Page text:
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The Supreme Court affirmed the judgment of the Appellate Court reversing the judgments of the trial court denying the petitions filed by the maternal grandmother (Petitioner) for termination of Father's parental rights with respect to his three minor children, holding that the trial court applied an incorrect legal test to determine that Petitioner had failed to prove the lack of an ongoing parent-child relationship. Specifically, the Court held (1) the trial court erred in concluding that, under the facts of this case, it was required to depart from the usual test to determine whether a petitioner has established a lack of an ongoing parent-child relationship; and (2) the trial court’s finding that Petitioner failed to prove that allowing further time to develop a parent-child relationship would be detrimental to the best interests of the children was clearly erroneous. View "In re Jacob W." on Justia Law

Posted in: Family Law

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The Supreme Court affirmed the judgment of the trial court for Defendants Michael Telesca and Rocco Frank, Jr. in this battle between the Danbury faction and the Waterbury faction over the control of the state’s Independent Party, holding that the trial court’s decision was timely and that the trial court properly construed Conn. Gen. Laws 9-374. In its decision, the trial court ordered Secretary of State Denise W. Merrill to accept candidate endorsements made pursuant to the 2010 bylaws of the Independent Party of CT-State Central - which, together with its officers, led the Danbury faction and filed the complaint - which, in effect, gave the Waterbury faction control over the Independent Party’s statewide nominations. The Supreme Court affirmed, holding (1) the trial court’s order of supplemental briefing and oral argument concerning its subject matter jurisdiction preserved its personal jurisdiction over the parties by stopping and later restarting the decision period, thus rendering the court’s decision timely; and (2) the trial court properly determined that section 9-374 rendered the 2010 bylaws controlling, as opposed to bylaws that the Danbury faction had previously filed with the Secretary. View "Independent Party of CT-State Central v. Merrill" on Justia Law

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The Supreme Court dismissed this writ of error brought by the plaintiffs in error seeking to protect their rights with respect to the judgment of the trial court that was challenged on appeal in Independent Party of CT-State Central v. Merrill, __ A.3d __ (Conn. 2019), holding that the writ of error was moot. In its judgment, the trial court resolved a dispute between the Danbury and Waterbury factions of the state’s Independent Party by granting declaratory and injunctive relief directing Secretary of State Denise W. Merrill to accept only those endorsements made pursuant to the party’s 2010 bylaws. The plaintiffs in error were thirteen candidates for the state House of Representatives endorsed by the Danbury faction prior to the trial court’s decision. The endorsed candidates argued that the writ of error was moot because of the Secretary’s unchallenged decision to accept the Danbury faction’s endorsements with respect to twelve of them. The Supreme Court dismissed this action, holding (1) the writ of error was moot; and (2) the defendant in error’s separate request for relief was not properly before the Court. View "Independent Party of CT-State Central v. Merrill" on Justia Law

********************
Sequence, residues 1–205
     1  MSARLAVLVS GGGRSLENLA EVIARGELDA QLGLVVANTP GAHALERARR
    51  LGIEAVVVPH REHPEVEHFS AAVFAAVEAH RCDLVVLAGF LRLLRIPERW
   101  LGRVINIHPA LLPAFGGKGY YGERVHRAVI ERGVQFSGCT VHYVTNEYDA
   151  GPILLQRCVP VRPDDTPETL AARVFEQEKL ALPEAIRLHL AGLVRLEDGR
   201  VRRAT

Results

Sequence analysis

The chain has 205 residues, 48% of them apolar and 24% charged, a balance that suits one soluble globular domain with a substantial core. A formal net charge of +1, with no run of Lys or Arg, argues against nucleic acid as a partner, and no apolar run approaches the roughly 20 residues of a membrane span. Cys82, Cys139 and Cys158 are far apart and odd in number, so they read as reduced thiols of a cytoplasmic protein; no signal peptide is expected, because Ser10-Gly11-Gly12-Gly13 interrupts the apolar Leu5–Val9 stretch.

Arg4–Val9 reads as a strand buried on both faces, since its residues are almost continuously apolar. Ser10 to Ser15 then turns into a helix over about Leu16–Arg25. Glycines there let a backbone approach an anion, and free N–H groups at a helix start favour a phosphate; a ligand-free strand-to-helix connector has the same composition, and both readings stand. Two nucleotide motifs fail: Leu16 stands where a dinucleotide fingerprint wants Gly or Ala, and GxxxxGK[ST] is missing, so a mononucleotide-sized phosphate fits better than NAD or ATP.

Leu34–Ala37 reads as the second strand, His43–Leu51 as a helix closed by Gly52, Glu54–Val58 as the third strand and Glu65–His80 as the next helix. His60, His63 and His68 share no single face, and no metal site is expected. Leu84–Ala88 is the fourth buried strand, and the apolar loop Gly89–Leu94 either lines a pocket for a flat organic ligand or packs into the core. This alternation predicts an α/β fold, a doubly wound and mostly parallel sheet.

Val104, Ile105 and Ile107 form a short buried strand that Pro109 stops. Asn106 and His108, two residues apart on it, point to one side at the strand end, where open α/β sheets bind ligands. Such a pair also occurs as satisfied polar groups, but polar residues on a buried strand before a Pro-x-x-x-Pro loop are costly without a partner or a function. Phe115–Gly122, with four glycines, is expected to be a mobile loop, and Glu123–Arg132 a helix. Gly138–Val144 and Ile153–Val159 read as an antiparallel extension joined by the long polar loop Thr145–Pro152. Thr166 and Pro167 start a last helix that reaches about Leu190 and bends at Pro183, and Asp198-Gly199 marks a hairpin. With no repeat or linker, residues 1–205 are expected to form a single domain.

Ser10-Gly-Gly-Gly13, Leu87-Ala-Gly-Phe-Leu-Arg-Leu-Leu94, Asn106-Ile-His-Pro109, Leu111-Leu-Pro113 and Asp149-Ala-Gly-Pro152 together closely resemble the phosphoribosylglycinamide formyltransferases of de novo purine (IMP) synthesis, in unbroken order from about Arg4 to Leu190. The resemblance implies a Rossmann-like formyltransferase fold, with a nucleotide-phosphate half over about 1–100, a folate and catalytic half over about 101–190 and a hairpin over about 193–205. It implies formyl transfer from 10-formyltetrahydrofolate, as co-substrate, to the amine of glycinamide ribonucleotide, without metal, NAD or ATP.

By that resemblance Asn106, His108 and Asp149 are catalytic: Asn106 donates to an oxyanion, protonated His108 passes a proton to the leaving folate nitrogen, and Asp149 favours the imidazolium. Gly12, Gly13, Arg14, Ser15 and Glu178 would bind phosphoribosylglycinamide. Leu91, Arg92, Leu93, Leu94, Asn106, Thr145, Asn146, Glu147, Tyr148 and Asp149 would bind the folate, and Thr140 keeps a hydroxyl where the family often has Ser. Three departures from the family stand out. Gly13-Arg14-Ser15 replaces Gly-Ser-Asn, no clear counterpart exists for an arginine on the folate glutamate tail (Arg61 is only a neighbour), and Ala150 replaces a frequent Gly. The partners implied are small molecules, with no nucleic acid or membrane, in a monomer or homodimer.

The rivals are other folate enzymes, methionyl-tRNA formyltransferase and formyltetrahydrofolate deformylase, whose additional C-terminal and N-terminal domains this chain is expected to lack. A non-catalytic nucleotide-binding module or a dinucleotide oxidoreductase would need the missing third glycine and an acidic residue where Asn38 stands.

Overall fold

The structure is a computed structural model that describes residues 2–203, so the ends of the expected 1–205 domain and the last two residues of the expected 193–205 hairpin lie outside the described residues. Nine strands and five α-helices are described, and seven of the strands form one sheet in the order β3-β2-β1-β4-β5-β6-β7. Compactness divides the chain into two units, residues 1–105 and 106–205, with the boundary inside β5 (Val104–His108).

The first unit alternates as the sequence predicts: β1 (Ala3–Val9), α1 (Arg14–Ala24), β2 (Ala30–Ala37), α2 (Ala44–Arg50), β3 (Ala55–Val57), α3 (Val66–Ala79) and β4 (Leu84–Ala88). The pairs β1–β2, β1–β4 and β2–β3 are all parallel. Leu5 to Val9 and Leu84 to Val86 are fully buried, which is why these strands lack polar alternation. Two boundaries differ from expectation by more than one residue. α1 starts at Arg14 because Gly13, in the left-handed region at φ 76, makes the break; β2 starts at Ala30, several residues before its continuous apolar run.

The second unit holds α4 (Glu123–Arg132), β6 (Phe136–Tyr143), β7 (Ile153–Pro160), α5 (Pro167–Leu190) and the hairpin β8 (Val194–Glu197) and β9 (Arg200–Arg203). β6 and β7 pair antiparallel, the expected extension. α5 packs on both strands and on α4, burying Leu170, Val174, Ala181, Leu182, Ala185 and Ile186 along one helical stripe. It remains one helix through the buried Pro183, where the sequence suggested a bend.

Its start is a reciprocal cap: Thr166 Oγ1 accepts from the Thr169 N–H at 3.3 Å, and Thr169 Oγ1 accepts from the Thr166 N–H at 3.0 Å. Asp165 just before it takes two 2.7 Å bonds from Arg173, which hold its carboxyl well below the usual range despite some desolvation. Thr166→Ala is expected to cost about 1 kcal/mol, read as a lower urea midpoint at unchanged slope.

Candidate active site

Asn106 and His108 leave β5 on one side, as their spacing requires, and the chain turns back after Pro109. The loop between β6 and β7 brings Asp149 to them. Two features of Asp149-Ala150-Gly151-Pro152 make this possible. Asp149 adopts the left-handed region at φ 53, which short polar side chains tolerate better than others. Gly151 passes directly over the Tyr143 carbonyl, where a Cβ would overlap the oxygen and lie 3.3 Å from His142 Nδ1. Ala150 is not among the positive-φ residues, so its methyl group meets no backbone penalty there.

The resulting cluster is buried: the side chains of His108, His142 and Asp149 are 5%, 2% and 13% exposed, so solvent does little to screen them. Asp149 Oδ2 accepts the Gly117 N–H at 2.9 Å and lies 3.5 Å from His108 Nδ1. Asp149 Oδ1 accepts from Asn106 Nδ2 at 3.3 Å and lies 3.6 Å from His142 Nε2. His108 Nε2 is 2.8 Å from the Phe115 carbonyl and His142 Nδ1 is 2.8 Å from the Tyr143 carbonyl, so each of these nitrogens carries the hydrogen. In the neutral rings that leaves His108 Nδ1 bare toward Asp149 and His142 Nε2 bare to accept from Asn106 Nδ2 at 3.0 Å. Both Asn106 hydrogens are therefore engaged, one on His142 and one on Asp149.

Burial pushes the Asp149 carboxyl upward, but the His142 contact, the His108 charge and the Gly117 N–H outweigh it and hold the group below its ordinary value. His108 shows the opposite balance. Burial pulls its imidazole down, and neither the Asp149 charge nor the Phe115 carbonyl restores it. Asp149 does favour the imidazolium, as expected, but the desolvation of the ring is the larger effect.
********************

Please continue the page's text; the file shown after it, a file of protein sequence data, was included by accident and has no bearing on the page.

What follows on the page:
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The Supreme Court reversed the judgment of the appellate court reversing the decision of the trial court and sustaining Plaintiff’s appeal, holding that the hearing officer did not abuse his discretion in admitting and relying on a four-page police investigation report (the exhibit) in deciding to suspend Plaintiff’s operator’s license. The Commission of Motor Vehicles suspended Plaintiff’s operator’s license after a hearing at which the hearing officer relied on a report of the incident where Plaintiff was arrested for operating a motor vehicle while under the influence and failed a breath test. Plaintiff appealed, arguing that the report was unreliable even though it complied with Conn. Gen. Stat. 14-227b(c). The trial court rejected Plaintiff’s claim. The appellate court reversed, concluding that inconsistencies and errors in the exhibit rendered it so unreliable that its admission violated principles of fundamental fairness. The Supreme Court reversed, holding that the hearing officer did not abuse his discretion in admitting and relying on the exhibit. View "Do v. Commissioner of Motor Vehicles" on Justia Law

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The Supreme Court affirmed the judgment of the trial court in favor of Defendants after concluding that Plaintiff did not sufficiently plead that a transaction was an auction without reserve, holding that Plaintiff’s allegations were insufficient to allege an auction without reserve. After it granted Defendants’ motions to strike the trial court rendered judgment determining that Plaintiff failed to allege that one of the defendant’s request that potential buyers of its property submit their highest and best offers constituted an auction without reserve for purposes of Conn. Gen. Stat. 42a-2-328(3). The Supreme Court affirmed, holding that Plaintiff’s allegation that the defendant used the phrase “highest and best offers,” without more, was insufficient to plead an auction without reserve. View "Restaurant Supply, LLC v. Giardi Ltd. Partnership" on Justia Law